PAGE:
Substance Abuse Treatment Alternatives

Substance Abuse Treatment Alternatives Substance Abuse Treatment Alternatives What You Should Know Tim Chapman, CSAC February 1 4, 2009 Introduction The purpose of this white paper is to provide information that will help you better understand

More information

Model for Comprehensive and Integrated School Psychological Services

Model for Comprehensive and Integrated School Psychological Services Model for Comprehensive and Integrated School Psychological Services 2010 INTRODUCTION The mission of the National Association of School Psychologists (NASP) is to represent school psychology and support

More information

Brief Strategic Family Therapy for Adolescent Drug Abuse

Brief Strategic Family Therapy for Adolescent Drug Abuse Brief Strategic Family Therapy for Adolescent Drug Abuse Multiple Choice Identify the choice that best completes the statement or answers the question. 1. Chapter One: Brief Strategic Family Therapy-An

More information

Quality Management. Substance Abuse Outpatient Care Services Service Delivery Model. Broward County/Fort Lauderdale Eligible Metropolitan Area (EMA)

Quality Management. Substance Abuse Outpatient Care Services Service Delivery Model. Broward County/Fort Lauderdale Eligible Metropolitan Area (EMA) Quality Management Substance Abuse Outpatient Care Services Broward County/Fort Lauderdale Eligible Metropolitan Area (EMA) The creation of this public document is fully funded by a federal Ryan White

More information

Clinical Training Guidelines for Co-occurring Mental Health and Substance Use Disorders

Clinical Training Guidelines for Co-occurring Mental Health and Substance Use Disorders Winnipeg Region Co-occurring Disorders Initiative Clinical Training Guidelines for Co-occurring Mental and Substance Use Disorders September 2003 Clinical Training Guidelines for Co-occurring Mental and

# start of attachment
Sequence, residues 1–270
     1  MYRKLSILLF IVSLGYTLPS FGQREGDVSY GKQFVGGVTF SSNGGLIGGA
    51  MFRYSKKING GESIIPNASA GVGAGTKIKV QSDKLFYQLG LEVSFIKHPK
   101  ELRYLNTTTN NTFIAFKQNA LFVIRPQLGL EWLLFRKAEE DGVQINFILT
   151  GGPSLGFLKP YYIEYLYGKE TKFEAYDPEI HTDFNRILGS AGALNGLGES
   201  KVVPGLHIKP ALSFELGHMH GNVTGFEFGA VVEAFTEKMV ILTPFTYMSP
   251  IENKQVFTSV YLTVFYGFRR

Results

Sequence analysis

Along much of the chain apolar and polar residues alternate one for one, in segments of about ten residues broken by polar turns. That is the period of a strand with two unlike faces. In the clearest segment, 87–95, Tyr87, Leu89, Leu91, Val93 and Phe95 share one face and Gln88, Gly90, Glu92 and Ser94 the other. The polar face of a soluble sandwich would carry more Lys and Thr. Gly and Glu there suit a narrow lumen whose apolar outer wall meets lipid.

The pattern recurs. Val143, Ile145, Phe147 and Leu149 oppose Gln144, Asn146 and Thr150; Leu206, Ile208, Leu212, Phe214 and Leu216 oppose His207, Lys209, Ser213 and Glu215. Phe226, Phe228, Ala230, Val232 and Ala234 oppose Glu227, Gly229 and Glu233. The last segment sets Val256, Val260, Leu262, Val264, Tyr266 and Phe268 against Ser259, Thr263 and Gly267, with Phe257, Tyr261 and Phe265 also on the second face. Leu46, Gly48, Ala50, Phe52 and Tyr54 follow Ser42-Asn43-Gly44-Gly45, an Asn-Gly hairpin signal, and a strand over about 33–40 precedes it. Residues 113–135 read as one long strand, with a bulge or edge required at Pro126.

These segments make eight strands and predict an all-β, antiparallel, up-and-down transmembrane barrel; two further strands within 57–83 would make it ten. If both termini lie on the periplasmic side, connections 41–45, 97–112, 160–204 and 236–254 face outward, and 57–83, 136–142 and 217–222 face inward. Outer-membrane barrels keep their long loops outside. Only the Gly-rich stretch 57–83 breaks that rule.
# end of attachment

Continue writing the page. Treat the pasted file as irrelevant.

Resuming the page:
More information

Prepared by: Rhonda Bohs, Ph.D.

Prepared by: Rhonda Bohs, Ph.D. Parental Involvement in Adolescent Substance Abuse Treatment Programs: Synopsis of Focus Groups Conducted with Florida Adolescent Treatment Providers and Parents Prepared by: Rhonda Bohs, Ph.D. March 29,

More information

Children, youth and families with co-occurring mental health and substance abuse issues are welcomed in every contact, and in every setting.

Children, youth and families with co-occurring mental health and substance abuse issues are welcomed in every contact, and in every setting. Practice Guidelines for the Identification and Treatment of Co-occurring Mental Health and Substance Abuse Issues In Children, Youth and Families June, 2008 This document is adapted from The Vermont Practice

More information

School of Clinical Psychology LIOS Masters in Psychology: Counseling Specialization Course Descriptions 2013-2014

School of Clinical Psychology LIOS Masters in Psychology: Counseling Specialization Course Descriptions 2013-2014 School of Clinical Psychology LIOS Masters in Psychology: Counseling Specialization Course Descriptions 2013-2014 Courses for: Fall 2013 Entry Cohort Spring 2014 Entry Cohort Counseling professional courses:

More information

DEPARTMENT OF SERVICES FOR CHILDREN, YOUTH AND THEIR FAMILIES DIVISION OF CHILD MENTAL HEALTH SERVICES PROGRAM DESCRIPTIONS

DEPARTMENT OF SERVICES FOR CHILDREN, YOUTH AND THEIR FAMILIES DIVISION OF CHILD MENTAL HEALTH SERVICES PROGRAM DESCRIPTIONS DEPARTMENT OF SERVICES FOR CHILDREN, YOUTH AND THEIR FAMILIES DIVISION OF CHILD MENTAL HEALTH SERVICES PROGRAM DESCRIPTIONS OVERVIEW The Division of Child Mental Health Services provides both mental health

More information

1. The youth is between the ages of 12 and 17.

1. The youth is between the ages of 12 and 17. Clinical MULTISYSTEMIC THERAPY (MST) Definition Multisystemic therapy (MST) is an intensive family and community-based treatment that addresses multiple aspects of serious antisocial behavior in adolescents.

More information

TREATMENT POLICY #10. Residential Treatment Continuum of Services

TREATMENT POLICY #10. Residential Treatment Continuum of Services Michigan Department of Community Health, Behavioral Health and Developmental Disabilities Administration BUREAU OF SUBSTANCE ABUSE AND ADDICTION SERVICES TREATMENT POLICY #10 SUBJECT: Residential Treatment

More information

Adolescent Substance Abuse Recovery Support Services Proposal

Adolescent Substance Abuse Recovery Support Services Proposal Adolescent Substance Abuse Recovery Support Services Proposal Report and Recommendations to the Alcohol and Drug Abuse Administration by the Designated Advisory Group Advisory Group Participants (note

More information

Substance Abuse Treatment: Group Therapy

Substance Abuse Treatment: Group Therapy Substance Abuse Treatment: Group Therapy Multiple Choice Identify the choice that best completes the statement or answers the question. 1. Chapter 1 This natural propensity in humans makes group therapy

More information

College of Education. Rehabilitation Counseling

College of Education. Rehabilitation Counseling * 515 MEDICAL AND PSYCHOSOCIAL ASPECTS OF DISABILITIES I. (3) This course is designed to prepare rehabilitation and mental health counselors, social works and students in related fields with a working

More information

University of Connecticut School of Medicine C Y T